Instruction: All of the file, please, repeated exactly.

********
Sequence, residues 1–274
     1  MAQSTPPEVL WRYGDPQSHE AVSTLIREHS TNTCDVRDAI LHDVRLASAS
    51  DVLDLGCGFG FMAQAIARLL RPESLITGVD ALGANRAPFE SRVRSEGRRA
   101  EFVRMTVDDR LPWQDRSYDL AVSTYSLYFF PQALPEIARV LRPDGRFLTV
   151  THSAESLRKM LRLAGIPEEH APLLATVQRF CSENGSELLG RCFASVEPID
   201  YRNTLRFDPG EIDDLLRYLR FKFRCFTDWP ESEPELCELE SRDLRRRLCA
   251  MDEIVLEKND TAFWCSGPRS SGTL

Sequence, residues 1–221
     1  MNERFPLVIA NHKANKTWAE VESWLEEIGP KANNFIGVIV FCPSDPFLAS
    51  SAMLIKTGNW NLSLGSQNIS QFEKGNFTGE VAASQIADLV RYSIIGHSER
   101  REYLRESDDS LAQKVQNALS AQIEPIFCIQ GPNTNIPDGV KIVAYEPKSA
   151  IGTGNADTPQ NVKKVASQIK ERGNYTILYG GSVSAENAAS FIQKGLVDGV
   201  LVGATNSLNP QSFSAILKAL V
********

Sequence, residues 1–274
     1  MAQSTPPEVL WRYGDPQSHE AVSTLIREHS TNTCDVRDAI LHDVRLASAS
    51  DVLDLGCGFG FMAQAIARLL RPESLITGVD ALGANRAPFE SRVRSEGRRA
   101  EFVRMTVDDR LPWQDRSYDL AVSTYSLYFF PQALPEIARV LRPDGRFLTV
   151  THSAESLRKM LRLAGIPEEH APLLATVQRF CSENGSELLG RCFASVEPID
   201  YRNTLRFDPG EIDDLLRYLR FKFRCFTDWP ESEPELCELE SRDLRRRLCA
   251  MDEIVLEKND TAFWCSGPRS SGTL

Sequence, residues 1–221
     1  MNERFPLVIA NHKANKTWAE VESWLEEIGP KANNFIGVIV FCPSDPFLAS
    51  SAMLIKTGNW NLSLGSQNIS QFEKGNFTGE VAASQIADLV RYSIIGHSER
   101  REYLRESDDS LAQKVQNALS AQIEPIFCIQ GPNTNIPDGV KIVAYEPKSA
   151  IGTGNADTPQ NVKKVASQIK ERGNYTILYG GSVSAENAAS FIQKGLVDGV
   201  LVGATNSLNP QSFSAILKAL V